Tenement Tales: Shared Stories in Shared Domestic Spaces (East Lothian)

In the shadow of the 650 year old Preston Tower, I told short tales to older residents of Prestonpans in East Lothian, accompanied by musician and storyteller Alan Hunter.

“felt like she had a box seat in a theatre…”

The goal of Tenement Tales was to make stories, connections and live entertainment accessible and safe at a time when Covid had made face to face telling virtually impossible. It also offered residents a chance to listen from windows, perfect for folk who were perhaps feeling apprehensive about stepping back into larger gatherings again.

I chose the sheltered housing complex because older people, sometimes isolated at the best of times, have been particularly affected by the isolation of Covid restrictions. The idea of Tenement Tales was to tell stories outside people’s windows, so they would be safe and not even have to leave their home.

This complex was ideal for this and most homes had a window looking out to a shared green or small green area, and so we pitched in view, after having informed the residents of our plans to come.

Storytelling is about more than a story. The story is important of course, but just as important is the connections that the storytelling makes. The ability to tell a tale eye to eye, mind to mind and heart to heart. Having the the listener close, yet safe was a wonderful experience for Alan and I but I believe it was also for those who tuned into the stories and songs.

The songs were vital in my opinion. Alan chose songs connected to local history; songs about the battle fought nearby in 1745, songs about fishing and mining. These songs were recognized by listeners such as Theresa and Wille. Theresa had mobility issues and spent most of her time by her window. She told me she had really enjoyed the sessions and it felt like she had a box seat in a theatre. She would make us coffee and give us biscuits, her way of contributing to the atmosphere of shared hospitality and at times it felt like a bit of a Ceildh.

I told mostly local tales, and Theresa began to share some of her own stories from her childhood. I asked if she would like to have the stories I told in written form and she said she would so I wrote and printed them out in larger type for her. As we left after the final session and walked past her door, we saw her already reading one of the stories. Later, when I came back to say hello with some of my kids after the project, she told me she had shared the stories with one of her carers.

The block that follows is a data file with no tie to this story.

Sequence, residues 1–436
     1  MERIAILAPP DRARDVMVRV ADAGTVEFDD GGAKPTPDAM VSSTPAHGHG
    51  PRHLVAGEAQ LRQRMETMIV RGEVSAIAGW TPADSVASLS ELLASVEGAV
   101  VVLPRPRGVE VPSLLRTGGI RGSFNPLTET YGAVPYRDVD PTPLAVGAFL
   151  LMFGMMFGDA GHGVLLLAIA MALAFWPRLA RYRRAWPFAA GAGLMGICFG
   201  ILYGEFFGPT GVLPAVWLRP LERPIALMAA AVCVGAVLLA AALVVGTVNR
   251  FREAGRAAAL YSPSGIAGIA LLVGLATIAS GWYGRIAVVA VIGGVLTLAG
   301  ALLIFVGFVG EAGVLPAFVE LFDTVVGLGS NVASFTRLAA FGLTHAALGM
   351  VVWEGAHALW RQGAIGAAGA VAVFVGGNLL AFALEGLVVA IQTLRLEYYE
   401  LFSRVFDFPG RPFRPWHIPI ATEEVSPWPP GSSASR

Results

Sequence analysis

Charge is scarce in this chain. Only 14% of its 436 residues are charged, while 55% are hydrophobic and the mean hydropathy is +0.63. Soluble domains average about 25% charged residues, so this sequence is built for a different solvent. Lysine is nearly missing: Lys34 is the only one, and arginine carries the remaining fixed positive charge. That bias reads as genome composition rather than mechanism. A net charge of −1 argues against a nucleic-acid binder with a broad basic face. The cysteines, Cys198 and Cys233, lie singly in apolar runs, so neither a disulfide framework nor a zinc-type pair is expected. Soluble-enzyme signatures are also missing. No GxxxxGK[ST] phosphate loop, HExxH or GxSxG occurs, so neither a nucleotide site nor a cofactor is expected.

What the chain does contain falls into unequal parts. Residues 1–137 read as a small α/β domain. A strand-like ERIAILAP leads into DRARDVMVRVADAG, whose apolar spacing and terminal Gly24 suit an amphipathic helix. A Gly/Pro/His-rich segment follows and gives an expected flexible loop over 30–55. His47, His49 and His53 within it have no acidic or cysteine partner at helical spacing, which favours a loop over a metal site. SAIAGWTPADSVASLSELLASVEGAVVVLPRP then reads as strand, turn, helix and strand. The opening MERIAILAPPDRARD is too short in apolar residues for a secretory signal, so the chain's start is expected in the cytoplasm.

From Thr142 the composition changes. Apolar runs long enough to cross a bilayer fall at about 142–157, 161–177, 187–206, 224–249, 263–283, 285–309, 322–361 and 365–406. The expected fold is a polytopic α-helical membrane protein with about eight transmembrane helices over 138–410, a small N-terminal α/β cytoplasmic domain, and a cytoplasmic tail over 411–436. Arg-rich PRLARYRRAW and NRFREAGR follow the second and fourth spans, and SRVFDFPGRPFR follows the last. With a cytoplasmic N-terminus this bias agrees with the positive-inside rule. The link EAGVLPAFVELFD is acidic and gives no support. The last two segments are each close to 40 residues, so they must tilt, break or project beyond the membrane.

Willie was another resident who engaged well. He was an ex‐miner, and he had an interest in history in general. I told him tales from the pit but he out did me by coming out of his house and sharing some stories of his own. He would sit at his kitchen window to listen to the stories and gave requests for songs.

Other residents, such as Gary, would come out and listen, and while we spoke to as many people as possible, I had a feeling that the project was beginning to really establish some good relationships and if it continued, there would be great benefits for all.

Relationship is the key word I believe. The stories and songs were enjoyed, but as Theresa explained, the fact we were coming and sharing these things showed they were not forgotten and through our connections, local stories lived on.

Tenement Tales enabled local storytellers to share stories in outdoor domestic spaces where local residents opened their windows, or gathered safely, to hear free tales in an environment that was secure and familiar to them.  As well as running in East Lothian, the project also ran for a series of three weeks in Leith, Edinburgh.

This project offered joy, entertainment and distraction during times of lockdown and at a time of transition when lockdown was ending and the venture into live performances may have been a somewhat stressful experience. 

The project is a contemporary way of accessing storytelling but celebrates the tradition of the storyteller being at the heart of the community. The initial pilots were able to take place due to support and funding from the Tasgadh Small Grants for Traditonal Arts.